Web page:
American Bob Kraft is on a mission to “do the right thing”
By Henry Lee
In the scorching sun and pouring rain, protesters taking part in the occupation of Admiralty starting in late September sometimes sat quietly, sometimes sang songs, sometimes conducted heated discussions and sometimes slept. Among them was a silver-haired, 57-year-old American man, sitting on a folding chair and facing the now fenced and heavily guarded forecourt of the Central Government Offices popularly known as Civic Square.
Varsity first met the American, Pastor Bob Kraft, before the Occupy action began. He was setting up a tent and some hand-made banners outside the District Court in Wan Chai. Kraft was there to protest about what he saw as inadequate family rights and child rights in Hong Kong.
Kraft is always speaking out against injustice in society and is often seen at political events and protests. He undertook a 106-hour hunger strike for family rights and child rights in the summer of 2013; he protested on behalf of the elderly who do not have money to fix their teeth and he went to the “Black Cloth March” organised by Occupy Central to call for genuine universal suffrage in Hong Kong. His devotion to such causes is driven by his past.
Kraft was a high school student in the United States during the 1960s and 1970s when there were lots of protests against the Vietnam War and racism. He recalls that on his first day of high school, students started a class boycott to demand more student rights. He says this made a big impact on him.
After high school, Kraft says he joined the army and was stationed in West Germany during the Cold War. This experience consolidated for him the idea that freedom could make a difference to people’s lives.
Although he served in the military, Kraft’s great interest was, in fact, in tennis. After he left the army, he worked as a tennis coach and ran a business selling sportswear. All went well for him, but he started to question his life.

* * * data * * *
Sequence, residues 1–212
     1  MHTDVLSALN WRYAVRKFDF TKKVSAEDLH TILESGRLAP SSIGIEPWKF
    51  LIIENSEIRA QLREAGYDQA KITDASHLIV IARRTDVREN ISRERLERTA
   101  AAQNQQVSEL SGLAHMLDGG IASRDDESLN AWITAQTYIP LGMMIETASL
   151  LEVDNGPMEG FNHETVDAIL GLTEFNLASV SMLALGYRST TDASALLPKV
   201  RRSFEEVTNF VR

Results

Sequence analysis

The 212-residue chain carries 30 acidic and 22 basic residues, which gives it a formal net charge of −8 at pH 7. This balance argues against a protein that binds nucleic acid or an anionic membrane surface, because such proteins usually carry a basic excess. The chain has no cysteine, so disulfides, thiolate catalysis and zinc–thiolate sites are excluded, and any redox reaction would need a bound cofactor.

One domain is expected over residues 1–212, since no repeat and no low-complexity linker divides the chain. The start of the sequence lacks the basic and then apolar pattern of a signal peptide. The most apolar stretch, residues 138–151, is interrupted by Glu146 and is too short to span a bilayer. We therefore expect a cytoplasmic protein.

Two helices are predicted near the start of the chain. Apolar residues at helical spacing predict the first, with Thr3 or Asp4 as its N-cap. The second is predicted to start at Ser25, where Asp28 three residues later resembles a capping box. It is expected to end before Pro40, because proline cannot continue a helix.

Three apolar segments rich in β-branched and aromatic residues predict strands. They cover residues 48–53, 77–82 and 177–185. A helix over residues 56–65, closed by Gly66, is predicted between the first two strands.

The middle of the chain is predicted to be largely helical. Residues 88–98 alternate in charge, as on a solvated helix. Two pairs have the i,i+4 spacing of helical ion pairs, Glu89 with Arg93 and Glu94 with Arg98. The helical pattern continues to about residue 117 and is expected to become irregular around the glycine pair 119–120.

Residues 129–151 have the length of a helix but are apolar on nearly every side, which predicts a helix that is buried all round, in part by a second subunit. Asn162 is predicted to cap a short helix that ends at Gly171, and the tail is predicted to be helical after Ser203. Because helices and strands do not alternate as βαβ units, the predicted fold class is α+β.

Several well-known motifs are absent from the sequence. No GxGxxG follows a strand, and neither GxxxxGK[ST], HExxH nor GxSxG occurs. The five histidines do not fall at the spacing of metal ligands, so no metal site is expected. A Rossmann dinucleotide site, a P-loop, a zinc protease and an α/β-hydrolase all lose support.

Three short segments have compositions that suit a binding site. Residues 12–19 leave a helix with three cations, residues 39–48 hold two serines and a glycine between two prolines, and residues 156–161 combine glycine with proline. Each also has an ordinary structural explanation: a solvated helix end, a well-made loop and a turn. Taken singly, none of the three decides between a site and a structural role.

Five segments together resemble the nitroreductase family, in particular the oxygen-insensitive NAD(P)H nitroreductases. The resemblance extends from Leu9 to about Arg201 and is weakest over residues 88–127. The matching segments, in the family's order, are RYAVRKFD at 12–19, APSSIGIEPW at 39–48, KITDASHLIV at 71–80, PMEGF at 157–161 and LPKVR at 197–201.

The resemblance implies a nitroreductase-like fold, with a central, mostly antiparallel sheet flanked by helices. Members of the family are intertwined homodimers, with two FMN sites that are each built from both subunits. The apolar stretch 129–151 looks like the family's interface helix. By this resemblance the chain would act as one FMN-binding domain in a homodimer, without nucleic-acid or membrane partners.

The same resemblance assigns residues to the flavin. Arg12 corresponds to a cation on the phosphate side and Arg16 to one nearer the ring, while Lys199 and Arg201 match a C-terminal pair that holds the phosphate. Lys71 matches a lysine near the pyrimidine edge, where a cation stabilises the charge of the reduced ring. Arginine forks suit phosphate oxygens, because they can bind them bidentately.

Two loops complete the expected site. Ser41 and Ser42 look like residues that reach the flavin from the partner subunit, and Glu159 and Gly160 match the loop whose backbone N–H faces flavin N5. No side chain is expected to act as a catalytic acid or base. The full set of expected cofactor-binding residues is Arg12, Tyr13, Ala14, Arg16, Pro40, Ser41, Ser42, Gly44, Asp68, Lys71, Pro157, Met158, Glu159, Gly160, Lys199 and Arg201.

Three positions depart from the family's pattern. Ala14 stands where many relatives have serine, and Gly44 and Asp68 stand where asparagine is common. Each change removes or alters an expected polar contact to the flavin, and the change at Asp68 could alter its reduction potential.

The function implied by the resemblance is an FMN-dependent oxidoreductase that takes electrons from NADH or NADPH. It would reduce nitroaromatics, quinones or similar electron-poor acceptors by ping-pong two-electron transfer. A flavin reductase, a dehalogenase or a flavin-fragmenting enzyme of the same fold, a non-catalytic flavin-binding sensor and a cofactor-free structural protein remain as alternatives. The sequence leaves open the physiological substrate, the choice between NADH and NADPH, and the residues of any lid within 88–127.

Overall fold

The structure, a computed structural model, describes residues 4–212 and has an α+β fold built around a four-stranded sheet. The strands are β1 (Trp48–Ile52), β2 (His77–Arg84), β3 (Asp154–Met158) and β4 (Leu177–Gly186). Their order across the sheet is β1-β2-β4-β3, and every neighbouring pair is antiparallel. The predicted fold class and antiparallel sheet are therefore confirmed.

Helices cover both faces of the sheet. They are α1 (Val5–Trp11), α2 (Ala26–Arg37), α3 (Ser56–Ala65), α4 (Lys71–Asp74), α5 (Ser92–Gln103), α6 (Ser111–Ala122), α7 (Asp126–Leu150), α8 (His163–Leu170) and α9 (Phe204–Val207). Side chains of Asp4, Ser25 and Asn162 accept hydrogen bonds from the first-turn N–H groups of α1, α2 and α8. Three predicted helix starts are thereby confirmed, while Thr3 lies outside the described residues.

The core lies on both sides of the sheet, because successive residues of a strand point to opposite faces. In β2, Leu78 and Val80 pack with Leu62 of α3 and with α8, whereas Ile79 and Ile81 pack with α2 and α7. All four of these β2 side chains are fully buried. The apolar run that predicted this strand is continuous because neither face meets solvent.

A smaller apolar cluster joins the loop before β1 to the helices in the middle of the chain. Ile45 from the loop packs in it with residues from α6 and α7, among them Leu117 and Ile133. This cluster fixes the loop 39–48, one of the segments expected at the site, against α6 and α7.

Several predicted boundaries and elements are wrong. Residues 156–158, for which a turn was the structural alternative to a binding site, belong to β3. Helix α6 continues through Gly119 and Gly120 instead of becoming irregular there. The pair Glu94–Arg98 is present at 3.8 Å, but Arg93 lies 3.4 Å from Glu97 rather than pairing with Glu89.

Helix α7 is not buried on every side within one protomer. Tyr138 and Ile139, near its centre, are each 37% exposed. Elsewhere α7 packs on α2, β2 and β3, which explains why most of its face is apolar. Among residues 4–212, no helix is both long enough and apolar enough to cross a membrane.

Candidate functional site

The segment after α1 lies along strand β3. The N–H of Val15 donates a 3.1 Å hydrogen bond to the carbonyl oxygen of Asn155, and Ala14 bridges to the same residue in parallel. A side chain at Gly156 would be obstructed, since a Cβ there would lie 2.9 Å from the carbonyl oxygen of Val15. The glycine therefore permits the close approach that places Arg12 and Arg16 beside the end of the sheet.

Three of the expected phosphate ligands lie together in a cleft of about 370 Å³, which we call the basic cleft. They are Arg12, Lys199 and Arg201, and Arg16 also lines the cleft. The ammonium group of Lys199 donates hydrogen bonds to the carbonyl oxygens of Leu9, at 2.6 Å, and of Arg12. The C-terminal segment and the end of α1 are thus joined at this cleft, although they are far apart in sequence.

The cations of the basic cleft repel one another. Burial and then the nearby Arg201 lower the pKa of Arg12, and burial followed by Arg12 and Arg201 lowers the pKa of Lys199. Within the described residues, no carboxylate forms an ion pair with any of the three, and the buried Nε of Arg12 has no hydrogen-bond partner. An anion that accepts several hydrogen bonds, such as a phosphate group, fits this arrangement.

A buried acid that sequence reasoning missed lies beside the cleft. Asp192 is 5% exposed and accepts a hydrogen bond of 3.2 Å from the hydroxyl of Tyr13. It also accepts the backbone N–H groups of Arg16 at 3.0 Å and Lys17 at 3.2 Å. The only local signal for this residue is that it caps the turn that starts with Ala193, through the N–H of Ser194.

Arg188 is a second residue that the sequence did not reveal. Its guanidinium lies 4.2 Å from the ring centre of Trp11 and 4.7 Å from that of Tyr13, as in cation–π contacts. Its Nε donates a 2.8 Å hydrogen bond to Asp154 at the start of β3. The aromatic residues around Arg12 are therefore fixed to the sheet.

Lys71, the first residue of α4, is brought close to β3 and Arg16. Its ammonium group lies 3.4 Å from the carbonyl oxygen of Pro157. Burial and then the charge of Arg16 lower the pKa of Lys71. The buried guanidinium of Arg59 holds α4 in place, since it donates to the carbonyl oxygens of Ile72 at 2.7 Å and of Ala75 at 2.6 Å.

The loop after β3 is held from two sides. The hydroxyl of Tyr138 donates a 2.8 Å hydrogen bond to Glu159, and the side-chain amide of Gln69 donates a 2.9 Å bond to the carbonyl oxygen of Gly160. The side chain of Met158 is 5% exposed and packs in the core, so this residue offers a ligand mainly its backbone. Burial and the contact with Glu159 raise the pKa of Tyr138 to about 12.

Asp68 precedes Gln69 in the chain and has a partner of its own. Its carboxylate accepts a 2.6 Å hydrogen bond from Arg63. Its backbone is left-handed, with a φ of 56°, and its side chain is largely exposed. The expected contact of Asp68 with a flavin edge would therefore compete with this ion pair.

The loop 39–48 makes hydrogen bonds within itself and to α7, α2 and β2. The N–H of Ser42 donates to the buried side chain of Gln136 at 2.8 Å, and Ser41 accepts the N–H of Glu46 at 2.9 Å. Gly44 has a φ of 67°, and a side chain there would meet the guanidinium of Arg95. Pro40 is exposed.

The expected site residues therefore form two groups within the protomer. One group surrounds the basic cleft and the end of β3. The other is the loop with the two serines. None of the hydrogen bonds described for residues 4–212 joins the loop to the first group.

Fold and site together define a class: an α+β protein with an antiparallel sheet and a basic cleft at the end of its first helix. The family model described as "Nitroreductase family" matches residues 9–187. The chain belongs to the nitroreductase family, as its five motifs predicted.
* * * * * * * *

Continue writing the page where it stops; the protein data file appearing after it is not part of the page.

“You reach a point when you just say, this is really not the most important thing in a person’s life. You can’t go any further,” says Kraft. “I just turned my life into a direction; that is helping people, instead of helping myself.”
So, in 1986, Kraft sold his business and went to the Pacific and Asia Christian University in Hawaii before embarking on church work in Asia. He travelled to seven nations in Asia, including the Philippines, and was shocked by how the disadvantaged lived there. The experience opened his eyes to inequality and injustice and showed him that where there is injustice, there can be no human rights. Kraft resolved to lead a meaningful life, helping the underprivileged and speaking out against injustice.
In 1992, Kraft settled down in Hong Kong after marrying his Chinese wife. As a pastor, he has to be concerned about the lives of the people in his community. He sees people in Hong Kong facing worsening social problems, such as unfair working conditions, housing problems, poor family relations, and unfavourable government policies. “The anger of the people is about the living standards of people…It’s becoming unbearable for people…They almost can’t sustain their living,” he says.